The most common adverse events (AEs) with higher incidence during beloranib treatment vs. placebo were decreased appetite, vivid dreams, and sleep disturbance (resulting in three drop-outs from the 4.0 mg group). There were no severe AEs, serious AEs, or deaths. There were no clinically significant abnormal laboratory or ECG findings.
"We are excited about these latest results which reinforce the promise of beloranib as a treatment for patients who have limited options," said Dr. Dennis Kim. "We are looking forward to expanding our clinical development program to include more patients who can potentially benefit from the rapid weight loss and reduction in cardiovascular risk factors we have seen with beloranib."
About Fat Metabolism
Research continues to show that obese and lean individuals metabolize fat differently. Studies indicate that once a person becomes obese, the body undergoes certain metabolic changes and is "programmed" to make and store more fat, making it much more difficult to reduce body weight. These metabolic adaptations that take place in obese people impair the normal release and breakdown of fatty acids from adipose tissue. Simultaneously, the body becomes much more efficient in diverting calories from food and storing them as fat.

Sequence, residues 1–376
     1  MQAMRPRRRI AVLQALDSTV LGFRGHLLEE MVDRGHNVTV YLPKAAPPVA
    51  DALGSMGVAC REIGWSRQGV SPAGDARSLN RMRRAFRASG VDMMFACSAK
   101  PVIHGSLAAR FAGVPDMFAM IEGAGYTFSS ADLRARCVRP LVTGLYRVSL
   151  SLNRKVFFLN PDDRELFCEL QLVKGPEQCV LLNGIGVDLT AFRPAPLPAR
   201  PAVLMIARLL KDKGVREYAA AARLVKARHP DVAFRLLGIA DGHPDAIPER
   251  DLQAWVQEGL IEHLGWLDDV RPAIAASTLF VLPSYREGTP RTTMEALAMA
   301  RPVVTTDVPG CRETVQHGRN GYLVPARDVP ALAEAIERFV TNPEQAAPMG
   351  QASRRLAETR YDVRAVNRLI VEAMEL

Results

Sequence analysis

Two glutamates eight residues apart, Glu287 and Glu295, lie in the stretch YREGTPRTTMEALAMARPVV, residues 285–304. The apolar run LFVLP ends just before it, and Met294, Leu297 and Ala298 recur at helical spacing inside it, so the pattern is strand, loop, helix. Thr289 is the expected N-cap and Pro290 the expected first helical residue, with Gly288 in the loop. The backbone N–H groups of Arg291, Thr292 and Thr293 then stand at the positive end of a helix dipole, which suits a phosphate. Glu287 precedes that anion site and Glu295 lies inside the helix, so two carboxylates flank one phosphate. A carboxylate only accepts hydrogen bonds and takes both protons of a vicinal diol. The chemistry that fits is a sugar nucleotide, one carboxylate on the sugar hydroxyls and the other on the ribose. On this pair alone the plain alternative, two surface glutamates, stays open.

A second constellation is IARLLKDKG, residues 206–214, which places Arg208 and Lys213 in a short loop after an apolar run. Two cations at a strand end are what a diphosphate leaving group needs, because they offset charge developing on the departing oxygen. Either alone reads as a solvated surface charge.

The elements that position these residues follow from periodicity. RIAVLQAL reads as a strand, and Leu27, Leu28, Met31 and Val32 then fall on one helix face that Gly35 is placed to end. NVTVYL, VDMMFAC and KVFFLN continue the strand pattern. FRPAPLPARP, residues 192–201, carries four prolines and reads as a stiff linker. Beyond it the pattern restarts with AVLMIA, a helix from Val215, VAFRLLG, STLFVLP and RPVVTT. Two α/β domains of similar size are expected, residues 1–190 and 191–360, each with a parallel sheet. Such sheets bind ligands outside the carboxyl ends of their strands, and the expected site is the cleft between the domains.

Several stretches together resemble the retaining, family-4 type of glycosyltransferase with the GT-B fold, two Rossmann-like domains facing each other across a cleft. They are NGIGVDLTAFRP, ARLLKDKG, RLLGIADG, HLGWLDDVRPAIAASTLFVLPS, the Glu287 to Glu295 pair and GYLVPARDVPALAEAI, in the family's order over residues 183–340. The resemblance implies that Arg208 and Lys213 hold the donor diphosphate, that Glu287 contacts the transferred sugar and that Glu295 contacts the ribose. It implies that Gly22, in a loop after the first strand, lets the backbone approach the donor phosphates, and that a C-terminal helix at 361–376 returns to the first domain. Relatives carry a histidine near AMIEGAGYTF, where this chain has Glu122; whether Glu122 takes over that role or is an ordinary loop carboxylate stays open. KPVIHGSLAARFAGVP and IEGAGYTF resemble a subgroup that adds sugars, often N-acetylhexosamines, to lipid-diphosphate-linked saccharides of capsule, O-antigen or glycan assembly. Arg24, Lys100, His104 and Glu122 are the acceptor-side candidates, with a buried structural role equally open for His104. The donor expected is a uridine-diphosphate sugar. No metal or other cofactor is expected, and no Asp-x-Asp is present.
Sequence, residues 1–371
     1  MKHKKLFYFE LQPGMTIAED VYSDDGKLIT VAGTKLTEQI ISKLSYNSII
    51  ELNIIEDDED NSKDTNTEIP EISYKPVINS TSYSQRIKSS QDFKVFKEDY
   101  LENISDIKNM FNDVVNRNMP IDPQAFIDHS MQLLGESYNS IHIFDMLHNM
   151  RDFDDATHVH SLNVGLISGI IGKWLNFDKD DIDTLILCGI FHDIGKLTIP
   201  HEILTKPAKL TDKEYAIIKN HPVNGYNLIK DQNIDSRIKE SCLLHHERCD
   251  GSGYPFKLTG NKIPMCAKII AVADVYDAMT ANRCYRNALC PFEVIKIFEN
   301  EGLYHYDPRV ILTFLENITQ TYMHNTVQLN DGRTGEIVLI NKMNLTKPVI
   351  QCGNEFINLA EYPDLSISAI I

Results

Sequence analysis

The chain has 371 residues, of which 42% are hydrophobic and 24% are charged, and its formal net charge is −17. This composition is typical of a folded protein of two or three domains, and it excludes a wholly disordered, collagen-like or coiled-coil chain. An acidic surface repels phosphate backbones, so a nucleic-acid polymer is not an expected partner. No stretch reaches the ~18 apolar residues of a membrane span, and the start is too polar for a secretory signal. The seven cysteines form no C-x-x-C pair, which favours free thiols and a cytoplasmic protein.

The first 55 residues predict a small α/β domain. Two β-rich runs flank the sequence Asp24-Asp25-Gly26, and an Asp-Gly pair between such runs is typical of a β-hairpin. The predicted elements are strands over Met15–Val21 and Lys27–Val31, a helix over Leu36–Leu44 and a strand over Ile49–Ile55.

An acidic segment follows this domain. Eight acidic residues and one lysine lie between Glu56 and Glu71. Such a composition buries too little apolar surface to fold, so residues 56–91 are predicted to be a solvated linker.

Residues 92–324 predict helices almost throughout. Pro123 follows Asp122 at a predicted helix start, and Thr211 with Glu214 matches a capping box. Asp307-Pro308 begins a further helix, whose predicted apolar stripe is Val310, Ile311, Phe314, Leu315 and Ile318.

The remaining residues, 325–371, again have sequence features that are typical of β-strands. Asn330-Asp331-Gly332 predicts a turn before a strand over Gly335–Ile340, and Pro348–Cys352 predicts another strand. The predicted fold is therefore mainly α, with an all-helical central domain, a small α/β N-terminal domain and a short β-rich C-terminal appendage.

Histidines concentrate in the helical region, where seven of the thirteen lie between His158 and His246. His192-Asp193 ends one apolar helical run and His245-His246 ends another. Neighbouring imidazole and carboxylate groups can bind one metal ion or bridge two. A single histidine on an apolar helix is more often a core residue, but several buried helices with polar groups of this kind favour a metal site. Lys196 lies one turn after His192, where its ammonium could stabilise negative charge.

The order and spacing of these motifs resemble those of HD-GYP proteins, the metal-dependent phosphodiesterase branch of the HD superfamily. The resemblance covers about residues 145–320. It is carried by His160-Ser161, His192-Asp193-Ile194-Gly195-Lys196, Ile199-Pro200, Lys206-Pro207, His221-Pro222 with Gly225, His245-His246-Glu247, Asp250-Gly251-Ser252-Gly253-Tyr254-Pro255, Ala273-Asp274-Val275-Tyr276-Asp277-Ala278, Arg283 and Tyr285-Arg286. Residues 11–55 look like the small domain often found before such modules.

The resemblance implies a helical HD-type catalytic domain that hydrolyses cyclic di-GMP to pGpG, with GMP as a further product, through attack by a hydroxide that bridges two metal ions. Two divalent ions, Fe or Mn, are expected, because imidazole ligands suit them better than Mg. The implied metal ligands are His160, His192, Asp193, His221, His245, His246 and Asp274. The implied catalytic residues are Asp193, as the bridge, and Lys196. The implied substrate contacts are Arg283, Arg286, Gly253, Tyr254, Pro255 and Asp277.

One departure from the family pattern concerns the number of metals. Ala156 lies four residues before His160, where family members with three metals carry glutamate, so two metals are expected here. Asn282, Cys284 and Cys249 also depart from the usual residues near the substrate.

Beloranib is the first compound in its class that works by targeting a key enzyme called methionine aminopeptidase 2 (MetAP2) that controls the production and utilization of fatty acids. Inhibitors of MetAP2 reduce the production of new fatty acid molecules by the liver and help to convert stored fats into useful energy. Beloranib is being developed as a twice-weekly subcutaneous injection for severe obesity. Zafgen holds exclusive worldwide rights (exclusive of Korea) for development and commercialization of beloranib.
About Zafgen, Inc.
Zafgen is an innovative company dedicated to addressing the unmet need of severely obese patients by bringing beloranib, a first-in-class novel medicine, to market. Founded in 2005 as a virtual company, Zafgen brings together leading experts in obesity and metabolic disease to address the underserved and growing population of patients who are severely obese. Zafgen's singular focus is on advancing novel therapeutics for patients suffering from severe obesity and obesity-related disorders. The company is located in Cambridge, MA. For more information, visit zafgen.com.
Posters Number 456-P and 36-LB-P
SOURCE Zafgen, Inc.